Exit Strategy: Lifting the Gaza Blockade

Instead of insisting on continuing a failed policy , Netanyahu should pull himself together and minimize the damage of Israel's flotilla raid.

Send in e-mailSend in e-mail

Like a robot lacking in judgment, stuck on a predetermined path - that's how the government is behaving in its handling of the aid flotillas to the Gaza Strip. The announcement by Prime Minister Benjamin Netanyahu at the security cabinet meeting Tuesday that the blockade of Gaza will continue and that Israel will keep on using force to prevent ships from entering Gaza's port suggests that the foolishness continues and no lessons have been learned from this week's incidents.

Palestinians at the Gaza border fence, June 2, 2010Credit: AP

The Netanyahu-Ehud Barak government is oblivious to the impact of the failed takeover of the Turkish ship the Mavi Marmara, which ended with the killing of nine passengers. It is oblivious to the international condemnation of this country's actions - Israel once more finds itself isolated. Most serious of all, it is oblivious to the damage it is causing to Israel's strategic interests.

The lethal operation is making it difficult for the U.S. administration to rally a majority in the UN Security Council for new sanctions against Iran and is eroding the international front against the Islamic Republic, which the United States has put together with great diplomatic effort. The naval operation challenges the negotiations with the Palestinians and weakens the bargaining ability of Netanyahu vis-a-vis U.S. President Barack Obama and Palestinian President Mahmoud Abbas. The operation also ruins essential relations with Turkey and will cost Israel in lost tourists and export deals.

Instead of taking the initiative and developing a political exit strategy from the crisis, Netanyahu and Barak are digging themselves deeper into the quagmire. The government apparently believes its own public relations, according to which Israel was the victim of "Al-Qaida supporters." If this is the case, it must immediately dismiss the heads of the security and intelligence services who failed to issue warnings in time and did not prepare accordingly to meet this new and dangerous enemy. How does Israel plan to deal with the Irish ship the Rachel Corrie, which is on its way to the Gaza Strip? Will it also argue that the Irish government, which has given this ship its backing, is a member of Al-Qaida?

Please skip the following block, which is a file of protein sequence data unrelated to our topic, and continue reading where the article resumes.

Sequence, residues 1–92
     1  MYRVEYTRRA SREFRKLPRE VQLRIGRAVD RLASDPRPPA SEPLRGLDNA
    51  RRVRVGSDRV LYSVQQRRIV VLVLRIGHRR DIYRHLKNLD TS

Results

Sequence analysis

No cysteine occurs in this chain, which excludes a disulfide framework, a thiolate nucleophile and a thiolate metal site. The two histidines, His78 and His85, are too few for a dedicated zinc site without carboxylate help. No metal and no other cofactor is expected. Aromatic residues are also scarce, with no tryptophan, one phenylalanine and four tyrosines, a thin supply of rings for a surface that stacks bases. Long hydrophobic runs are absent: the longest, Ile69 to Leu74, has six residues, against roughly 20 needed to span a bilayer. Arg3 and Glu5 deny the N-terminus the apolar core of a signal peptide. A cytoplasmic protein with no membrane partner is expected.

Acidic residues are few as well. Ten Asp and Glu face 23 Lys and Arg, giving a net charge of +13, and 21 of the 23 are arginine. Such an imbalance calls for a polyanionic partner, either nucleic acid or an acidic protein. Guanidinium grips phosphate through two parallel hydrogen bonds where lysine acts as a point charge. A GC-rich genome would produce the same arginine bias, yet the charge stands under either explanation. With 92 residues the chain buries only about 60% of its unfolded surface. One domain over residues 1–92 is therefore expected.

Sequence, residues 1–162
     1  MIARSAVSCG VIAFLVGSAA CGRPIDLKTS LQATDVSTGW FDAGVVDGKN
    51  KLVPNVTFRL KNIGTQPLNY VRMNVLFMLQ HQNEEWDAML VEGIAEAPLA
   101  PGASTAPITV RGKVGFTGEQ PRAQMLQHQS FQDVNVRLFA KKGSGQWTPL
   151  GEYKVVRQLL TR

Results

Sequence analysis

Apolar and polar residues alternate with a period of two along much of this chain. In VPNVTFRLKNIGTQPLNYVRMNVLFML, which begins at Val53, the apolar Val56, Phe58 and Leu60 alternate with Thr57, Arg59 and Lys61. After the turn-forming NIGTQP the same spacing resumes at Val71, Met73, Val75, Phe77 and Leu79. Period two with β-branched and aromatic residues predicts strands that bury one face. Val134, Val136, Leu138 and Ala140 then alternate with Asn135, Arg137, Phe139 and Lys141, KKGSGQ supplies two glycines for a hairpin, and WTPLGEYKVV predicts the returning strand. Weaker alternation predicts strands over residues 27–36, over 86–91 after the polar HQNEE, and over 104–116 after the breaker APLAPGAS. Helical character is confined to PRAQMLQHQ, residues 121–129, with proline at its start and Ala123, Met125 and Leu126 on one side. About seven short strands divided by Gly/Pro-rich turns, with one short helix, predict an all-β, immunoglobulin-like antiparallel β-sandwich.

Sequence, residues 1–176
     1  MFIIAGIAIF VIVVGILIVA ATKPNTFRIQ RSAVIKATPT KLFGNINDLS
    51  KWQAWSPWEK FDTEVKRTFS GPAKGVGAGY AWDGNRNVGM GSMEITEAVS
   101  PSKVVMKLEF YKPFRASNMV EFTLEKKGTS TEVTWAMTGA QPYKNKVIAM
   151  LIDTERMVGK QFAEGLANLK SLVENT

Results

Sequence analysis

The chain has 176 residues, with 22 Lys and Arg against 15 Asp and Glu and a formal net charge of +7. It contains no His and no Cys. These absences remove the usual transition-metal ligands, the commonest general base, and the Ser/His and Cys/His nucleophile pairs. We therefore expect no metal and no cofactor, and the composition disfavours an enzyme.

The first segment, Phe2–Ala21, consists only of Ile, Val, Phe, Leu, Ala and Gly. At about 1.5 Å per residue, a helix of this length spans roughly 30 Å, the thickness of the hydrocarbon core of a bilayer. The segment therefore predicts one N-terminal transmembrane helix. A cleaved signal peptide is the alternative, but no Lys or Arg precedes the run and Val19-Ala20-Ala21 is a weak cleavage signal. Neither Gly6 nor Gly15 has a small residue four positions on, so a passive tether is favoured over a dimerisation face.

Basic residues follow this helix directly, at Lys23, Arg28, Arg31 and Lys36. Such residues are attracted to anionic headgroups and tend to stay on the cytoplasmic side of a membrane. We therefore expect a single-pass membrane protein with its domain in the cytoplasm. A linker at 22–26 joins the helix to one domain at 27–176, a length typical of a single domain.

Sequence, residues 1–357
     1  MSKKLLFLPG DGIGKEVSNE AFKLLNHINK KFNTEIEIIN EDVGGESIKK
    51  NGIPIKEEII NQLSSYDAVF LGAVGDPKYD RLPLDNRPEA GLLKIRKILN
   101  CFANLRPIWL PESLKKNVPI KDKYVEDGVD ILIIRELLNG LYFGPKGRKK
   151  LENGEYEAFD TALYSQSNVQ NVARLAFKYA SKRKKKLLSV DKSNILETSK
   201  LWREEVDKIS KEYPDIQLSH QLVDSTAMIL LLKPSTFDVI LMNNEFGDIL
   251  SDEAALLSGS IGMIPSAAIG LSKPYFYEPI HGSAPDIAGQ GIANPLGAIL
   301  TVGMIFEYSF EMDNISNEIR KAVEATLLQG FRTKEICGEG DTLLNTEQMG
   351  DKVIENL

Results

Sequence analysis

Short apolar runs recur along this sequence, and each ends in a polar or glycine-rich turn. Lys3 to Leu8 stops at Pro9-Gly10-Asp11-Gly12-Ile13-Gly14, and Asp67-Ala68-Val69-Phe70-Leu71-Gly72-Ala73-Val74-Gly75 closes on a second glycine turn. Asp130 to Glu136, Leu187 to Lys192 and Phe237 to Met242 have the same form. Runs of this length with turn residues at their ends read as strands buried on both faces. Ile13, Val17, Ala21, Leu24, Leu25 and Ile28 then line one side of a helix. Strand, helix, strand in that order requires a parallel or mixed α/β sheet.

Instead of insisting on continuing a policy that has failed, Netanyahu should pull himself together and minimize the damage of the naval operation. He must appoint a commission of inquiry that will investigate what happened and lift the damaging and unnecessary blockade on the Gaza Strip, while developing a response to arms smuggling. Statesmanship is measured by the ability to distinguish between what is important and what is not. Netanyahu and Barak, who dragged Israel into a foolish struggle of prestige with Hamas and its supporters, erred by selecting a violent and damaging form of action. They failed in this week's test of statesmanship.



Automatic approval of subscriber comments.
From $1 for the first month

Already signed up? LOG IN


בנימין נתניהו השקת ספר

Netanyahu’s Israel Is About to Slam the Door on the Diaspora

עדי שטרן

Head of Israel’s Top Art Academy Leads a Quiet Revolution

Charles Lindbergh addressing an America First Committee rally on October 3, 1941.

Ken Burns’ Brilliant ‘The U.S. and the Holocaust’ Has Only One Problem

Skyscrapers in Ramat Gan and Tel Aviv.

Israel May Have Caught the Worst American Disease, New Research Shows

ג'אמיל דקוור

Why the Head of ACLU’s Human Rights Program Has Regrets About Emigrating From Israel


Netanyahu’s Election Win Dealt a Grievous Blow to Judaism